Realizing the goal of 51 dental professionals and 37 support people spending a week in the second largest slum in Nairobi wasn’t easy, however. Stateside challenges included risk management issues due to the recent bombing in Nairobi. This fact caused difficulties in the university approval process of the project. After very stringent risk analysis and additional security measures, plus various vaccinations against hepatitis A, yellow fever, typhoid, and polio, the group was able to depart on time.

But that was not the end; all the bags containing the USC mobile dental unit equipment didn’t arrive for two days. Another setback happened when a transformer blew out and an entire area of Nairobi was blacked out due to the project’s power use. The organizers had to go out and purchase a new generator for $1500 on the spot.

Above: Michael Rice DDS 2014 treats a young patient in the makeshift dental clinic.

The multicultural dental team is made up of young people with cultural origins from many parts of the world. Besides the US, the highly organized team members hail from Cuba, Taiwan, Iran, Mexico, Lebanon, Nicaragua, Korea, Japan, India, Jamaica, China, and Vietnam, all functioning together to meet the dental needs of the people of the Mathare slum. The dental students are mostly from the second, third and fourth year, with a few select first year students. The students are supported by the generous participation of six dentists, including four from USC: Dr. Garner Beale, Dr. Sanaz Fereshteh, Dr. Alain Toca, and Dr. Koren Borland.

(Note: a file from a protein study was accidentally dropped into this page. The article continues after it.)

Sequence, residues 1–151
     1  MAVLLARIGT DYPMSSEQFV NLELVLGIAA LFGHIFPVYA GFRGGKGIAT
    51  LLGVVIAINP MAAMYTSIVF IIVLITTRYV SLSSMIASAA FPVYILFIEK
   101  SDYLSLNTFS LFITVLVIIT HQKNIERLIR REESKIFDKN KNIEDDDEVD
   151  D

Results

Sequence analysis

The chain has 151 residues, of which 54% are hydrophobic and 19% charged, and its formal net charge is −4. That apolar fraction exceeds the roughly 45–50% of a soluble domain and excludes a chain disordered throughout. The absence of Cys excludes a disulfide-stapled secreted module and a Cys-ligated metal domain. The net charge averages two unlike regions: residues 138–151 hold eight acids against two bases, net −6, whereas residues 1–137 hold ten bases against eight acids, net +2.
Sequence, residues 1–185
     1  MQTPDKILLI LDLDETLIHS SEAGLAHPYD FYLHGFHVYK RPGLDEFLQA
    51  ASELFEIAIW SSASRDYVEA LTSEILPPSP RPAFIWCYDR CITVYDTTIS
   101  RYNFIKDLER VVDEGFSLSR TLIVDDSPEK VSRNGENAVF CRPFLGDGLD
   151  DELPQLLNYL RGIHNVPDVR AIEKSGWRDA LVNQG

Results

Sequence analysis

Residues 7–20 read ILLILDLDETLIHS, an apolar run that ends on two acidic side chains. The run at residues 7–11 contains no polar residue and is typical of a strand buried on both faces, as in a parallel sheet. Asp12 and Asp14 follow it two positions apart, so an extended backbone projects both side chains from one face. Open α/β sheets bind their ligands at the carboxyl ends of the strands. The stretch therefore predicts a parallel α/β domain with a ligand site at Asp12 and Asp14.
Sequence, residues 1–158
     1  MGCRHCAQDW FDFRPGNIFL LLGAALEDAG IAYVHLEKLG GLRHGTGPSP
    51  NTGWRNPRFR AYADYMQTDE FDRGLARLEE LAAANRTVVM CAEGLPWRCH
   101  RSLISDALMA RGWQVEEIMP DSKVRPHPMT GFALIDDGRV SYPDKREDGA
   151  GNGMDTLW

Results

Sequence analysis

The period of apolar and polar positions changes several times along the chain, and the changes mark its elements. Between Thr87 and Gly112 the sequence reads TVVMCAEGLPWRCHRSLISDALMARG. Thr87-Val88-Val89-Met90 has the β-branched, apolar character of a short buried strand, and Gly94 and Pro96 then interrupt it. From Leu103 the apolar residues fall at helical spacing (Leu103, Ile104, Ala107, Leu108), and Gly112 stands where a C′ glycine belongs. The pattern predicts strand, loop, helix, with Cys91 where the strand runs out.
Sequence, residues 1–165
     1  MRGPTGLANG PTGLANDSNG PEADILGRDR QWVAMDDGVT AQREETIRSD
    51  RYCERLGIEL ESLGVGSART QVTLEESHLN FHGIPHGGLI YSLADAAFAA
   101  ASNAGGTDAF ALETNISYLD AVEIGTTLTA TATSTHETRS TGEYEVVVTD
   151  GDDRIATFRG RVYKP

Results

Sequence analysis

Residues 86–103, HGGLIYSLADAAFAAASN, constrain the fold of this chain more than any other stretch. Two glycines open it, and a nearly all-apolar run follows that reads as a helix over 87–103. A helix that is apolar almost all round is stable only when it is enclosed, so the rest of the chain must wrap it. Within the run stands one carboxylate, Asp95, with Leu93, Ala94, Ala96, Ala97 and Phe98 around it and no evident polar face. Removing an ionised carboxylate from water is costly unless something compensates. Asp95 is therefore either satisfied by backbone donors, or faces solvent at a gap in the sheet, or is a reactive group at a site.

Two other dentists have generously donated their time and expertise: Dr. Robert Weinstein, a private practice oral surgeon, and Dr. Mike Hyodo, Director of World Ministries International, who runs dental clinics in Nairobi. In addition to the dental professionals, the project is being hosted by Mary Kamau and her husband Wallace Kamau, founders and directors of Mission of Hope International partnered with Christian Ministries Fellowship. They arranged the location; set up all the accommodations six months in advance; booked buses, security, and eating arrangements; and pre-screened the patients.

The cost of the project is more than $130,000, which is actually quite low considering the magnitude of the project; this is due to the generous donation of services, time, and materials. According to Vreeburg, a partnership with Crest assisted in raising half the funds, while the students themselves paid the other half. USC and Dr. Michael Hyodo loaned the dental equipment. Dr. Hyodo provides dental care as part of his ministry in Kenya and was instrumental in the success of this project.

Vreeburg goes on to say “We are doing everything by USC standards. The same sterilization and instrument treatment, every patient has x-rays, the treatment plans are checked by faculty, cleaning is verified by faculty, multiple checks — all the same procedure as in USC.”

The majority of the patients are local children experiencing their first dental visit; more than 95% of the adults treated have never received any kind of dental treatment. The team leaves by 7:00 in the morning for the long bus ride to the slum and begin working immediately on arrival. They have been putting in nine-hour days and would work later but for the fact that the area is very dangerous and the mission itself closes. They were advised not to work after dark.

Six huge boxes of toothbrushes, toothpaste, and dental floss wait at the intake area for distribution. Children and adults eagerly accept the gift and ask for additional items for their other family members. The high demand is not a problem since the organization brought over 15,000 toothbrushes donated by local dental supply companies.

It would be difficult to find a clinic better organized and set up. As Vreeburg proudly points out, “USC protocol for mobile dental units is being carried out here just as in the US. We are proud to offer the best quality available in the world.”